Naomi Klein

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Shock and Awe

Dana McNairn, Monday Magazine, October 3, 2007

Naomi Klein’s latest book has an unsettling premise, complete with a disturbing Canadian contribution, in what has already been dubbed “bleakonomics” by no less a luminary than Nobel Prize-winning economist, Joseph Stiglitz.

Lunch with the FT: Naomi Klein

James Harkin, Financial Times, September 28, 2007

Naomi Klein and I have only just met and already she is guilt-ridden. Her publisher told her that I grumbled about her choice of restaurant - the achingly healthy Neal’s Yard Salad Bar in Covent Garden. She’d thought, she tells me, that the FT might send its chief economics commentator Martin Wolf to interview her, and as he’s been critical of her work in the past she wanted the visceral pleasure of watching him drink a green organic smoothie. As she’s got me instead, she feels terrible.

We meet in the cobbled Neal’s Yard courtyard. It is a lukewarm September afternoon, and we both fancy lunch outside. The author of anti-globalisation activist manifesto No Logo blends in anonymously - her dress sense is casual-prim, jeans with a neat black blouse and black shoes, teamed with an unshowy blue necklace.

Naomi Klein on 'Disaster Capitalism'

Katie Rooney, TIME, September 27, 2007

In The Shock Doctrine: The Rise of Disaster Capitalism, Naomi Klein, best known for her 2000 book No Logo: Taking Aim at the Brand Bullies, explores how capitalism came to dominate the world, from Chile to Russia, China to Iraq, South Africa to Canada, with the help of violent shock tactics in times of natural disaster or tragedy. Released in the U.S. September 18 and throughout Europe and Canada the week before that, the book counters the theory that unfettered capitalism and a successful democracy go hand-in-hand. TIME sat down with Klein to discuss her conclusions, the research process and what kind of impact she's hoping her new book will have.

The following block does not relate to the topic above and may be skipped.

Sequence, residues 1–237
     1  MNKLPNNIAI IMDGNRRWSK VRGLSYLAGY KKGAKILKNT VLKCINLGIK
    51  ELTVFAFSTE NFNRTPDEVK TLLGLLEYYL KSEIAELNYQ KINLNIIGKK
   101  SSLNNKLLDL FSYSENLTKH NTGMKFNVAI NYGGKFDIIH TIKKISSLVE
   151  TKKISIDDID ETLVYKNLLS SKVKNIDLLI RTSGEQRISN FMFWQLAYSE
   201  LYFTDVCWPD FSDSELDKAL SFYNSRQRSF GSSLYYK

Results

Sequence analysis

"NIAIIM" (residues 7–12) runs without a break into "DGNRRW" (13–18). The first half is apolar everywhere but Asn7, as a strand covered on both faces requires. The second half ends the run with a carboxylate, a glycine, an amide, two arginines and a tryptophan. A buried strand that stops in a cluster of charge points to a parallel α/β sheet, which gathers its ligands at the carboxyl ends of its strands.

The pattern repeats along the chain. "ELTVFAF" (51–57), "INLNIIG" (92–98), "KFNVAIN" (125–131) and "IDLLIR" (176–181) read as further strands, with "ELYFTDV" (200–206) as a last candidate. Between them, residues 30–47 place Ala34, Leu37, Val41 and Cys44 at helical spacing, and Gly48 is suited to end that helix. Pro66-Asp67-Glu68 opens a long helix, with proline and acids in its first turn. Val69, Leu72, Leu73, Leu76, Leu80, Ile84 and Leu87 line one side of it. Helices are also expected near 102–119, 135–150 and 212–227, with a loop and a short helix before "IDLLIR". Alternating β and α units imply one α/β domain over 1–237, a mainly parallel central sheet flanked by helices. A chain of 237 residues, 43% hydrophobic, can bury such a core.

TIME: How did you come up with such a theory and what turned it into a book?

Out Loud: Naomi Klein Discusses 'The Shock Doctrine'

Reyhan Harmanci, San Francisco Chronicle, September 26, 2007

Crisis has always been a catalyst for change, but these days "shock and awe" seems to have become a key facet of U.S. policy. In the wake of 9/11 and Hurricane Katrina, it's easy to see how trauma can impair critical assessment of public policy.

Moving from examples of electroshock therapy on individuals to the larger way violence can stun a nation into a similar state of confusion and docility, critic, economist and author Naomi Klein ("No Logo") lays out a case for what she terms shock doctrine, which is the title of her new book.

Beyond the Brand

Sunday Herald, September 22, 2007

WHEN No Logo was published in January 2000, it addressed the new century directly. The argument advanced by that book, and the movement articulated by debut author Naomi Klein, seemed to promise a new world to go with it. From the perspective of those holding high office in tall buildings, this seemed more like a threat. Street-level activists had already demonstrated Klein's prescience even while her manuscript was being bound and printed, shutting down a World Trade Organisation conference, and downtown Seattle in the process, towards the end of 1999.